For many B2B companies, full-scale product launches are not something they do frequently. So when it’s time to introduce their newest innovation to the world, the planning phase can be a little overwhelming.
While there’s much to prepare for related to a product launch, I’ve noticed three areas of discussion that seem to pop up most frequently:
This can be a tricky question to answer for some companies. If you tell a non-exclusive rep or dealer too early, you may be concerned word will get to a competitor and they’ll have enough time to act. Educate them too late, and they may not be properly equipped to support the product release.
In our experience, it’s important to consider a few factors when deciding how to onboard your sales force: 1) exclusivity (or lack thereof); 2) complexity of product sales message; 3) expectations for sales channel participation.
For example, if you have exclusivity for your product category within your sales channel, a technical product and really need your salesforce on board to be successful, then it’s important to plan ahead. Build up to the product launch with informative webinars or training sessions, release the marketing materials ahead of time and ensure appropriate demo units or stock are in place before you begin spending your marketing dollars educating your prospect base.
If you’re less dependent on your distributors and/or have any concern about word getting out prematurely, you’re probably safe to educate the channel closer to the product release.
Bottom line: the product release date is really just the starting line of a product launch — make sure you’re thinking about how to train and equip your channel so that they can support the product well over the long run.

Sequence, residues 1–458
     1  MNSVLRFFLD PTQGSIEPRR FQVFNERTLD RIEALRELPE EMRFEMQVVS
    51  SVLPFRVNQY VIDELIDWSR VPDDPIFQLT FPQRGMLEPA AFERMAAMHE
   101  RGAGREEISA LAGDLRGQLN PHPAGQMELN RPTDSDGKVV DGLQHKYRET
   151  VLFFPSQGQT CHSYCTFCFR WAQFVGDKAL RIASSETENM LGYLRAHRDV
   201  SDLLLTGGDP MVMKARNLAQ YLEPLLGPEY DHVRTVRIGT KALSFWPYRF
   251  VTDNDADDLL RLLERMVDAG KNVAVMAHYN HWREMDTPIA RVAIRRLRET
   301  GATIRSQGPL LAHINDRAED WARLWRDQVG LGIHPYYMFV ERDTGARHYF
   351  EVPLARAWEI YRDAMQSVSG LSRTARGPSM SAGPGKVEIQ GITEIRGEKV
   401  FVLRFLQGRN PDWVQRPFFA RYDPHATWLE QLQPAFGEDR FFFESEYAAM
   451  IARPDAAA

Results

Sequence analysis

Another tricky question. We’ve all heard the “one-to-three percent of projected sales” approach, which is a good place to start. However, if you have low expectations for the first year but expect the product to build momentum over time, one percent of first-year sales might not be enough to properly equip your sales force, let alone drive demand. You’re likely better off investing more in the first year to launch the product effectively, with less budget devoted to the product in subsequent years.
On the flip side, maybe you’re introducing a product the market is in desperate need of, and a little education will go a long way, meaning a lower up-front investment is necessary.
When working on your budget, consider factors like how important the product launch is to your overall company sales goals, how long this product will be a driver for your sales team and how difficult you anticipate the selling process to be.
If budget is a concern, consider rolling out marketing activities in phases. For example, start by tackling the foundational needs such as collateral and website updates. After assessing progress, then focus on a pilot demand generation program. Pending success, broaden the roll-out.
With any product launch, there are uncertainties. After all, the product is NEW. While a company can certainly do its best with market research, quality testing and other legwork, it’s still hard to prepare for the unknown.
However, it’s important to at least try. When VantagePoint helps our clients with product launch plans, we like to include a “Roadblocks & Countermeasures” section, in which we identify potential issues and then prepare appropriate actions to address those issues. This way, there’s a plan in place for identifying and addressing issues as early as possible — before they escalate.
Regardless of how overwhelming the process may seem or how many questions pop up along the way, the single-most important thing you can do as a marketer to prepare for the product launch is to document a strategic plan. Planning ahead will help ensure the right people know about your product, your resources are allocated wisely and that the launch won’t lose momentum prematurely.
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